Quality Score has been on everyone's mind recently. Everywhere I go and everyone I speak to has a story about some great keyword that he or she was buying and making a huge profit on until Google gave the user's site a poor quality score. Now the user can't afford the minimum bid. I often hear things like "It's not fair," "Why doesn't Google want to make money?" "My landing pages have good content; it doesn't make sense" and "Help Me!"
The truth is that Google is trying to take the principles that make its organic search results the most beloved in the world and apply them to its paid search results. What does this mean for you as an advertiser? It means you need to take the strategies used for SEO and apply them to your paid search. You need to stop thinking in terms of landing pages and start thinking about your landing page as one small piece of your entire domain. You also need to take the advice Google gives you and give it no reason to hurt your business with a poor quality score.
What Google tells us to do
Google preaches one thing: quality experience -- for its users and your potential customers. To that end Google has taken it upon itself to ensure that the page you deliver is of high quality. Here's what the company says it is specifically looking for:
- Relevance: This is a no-brainer: If you sell electronics and someone clicks on your ad for a "digital camera," send them to your digital camera page, not your home page.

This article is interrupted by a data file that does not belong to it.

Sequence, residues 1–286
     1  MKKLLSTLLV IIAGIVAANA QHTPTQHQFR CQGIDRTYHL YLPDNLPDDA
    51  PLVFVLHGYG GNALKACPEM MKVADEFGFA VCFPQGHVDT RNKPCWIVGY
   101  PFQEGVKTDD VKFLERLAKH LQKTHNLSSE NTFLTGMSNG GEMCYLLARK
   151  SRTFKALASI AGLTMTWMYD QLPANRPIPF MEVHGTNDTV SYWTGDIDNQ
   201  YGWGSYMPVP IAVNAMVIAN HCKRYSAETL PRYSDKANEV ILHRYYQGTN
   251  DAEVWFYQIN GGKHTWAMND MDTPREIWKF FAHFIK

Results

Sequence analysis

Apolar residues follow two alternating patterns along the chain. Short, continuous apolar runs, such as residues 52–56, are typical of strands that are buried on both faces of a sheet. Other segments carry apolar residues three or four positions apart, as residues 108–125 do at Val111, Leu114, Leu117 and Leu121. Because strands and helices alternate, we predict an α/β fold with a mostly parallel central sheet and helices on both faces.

- Originality: Okay, that's a weird one. Google specifically says "Feature unique content that can't be found on another site." Uh-oh, does this mean that my RSS feeds from related content sites aren't helping me? Probably not. If Google says they want content that can't be found on another site, then you can be sure they're searching for your content on other sites. If they find it, your quality score will suffer.
- Transparency: This covers the general best practices -- like being open and clear about the nature of your business. If you offer a downloadable product or collect personal information from your users then there's a lot to know and follow in order to stay on Google's good side.
- Navigability: Make it simple for users to find what they're looking for. Keep the sales process short and to the point. Don't use things like pop-ups, pop-unders or sliders.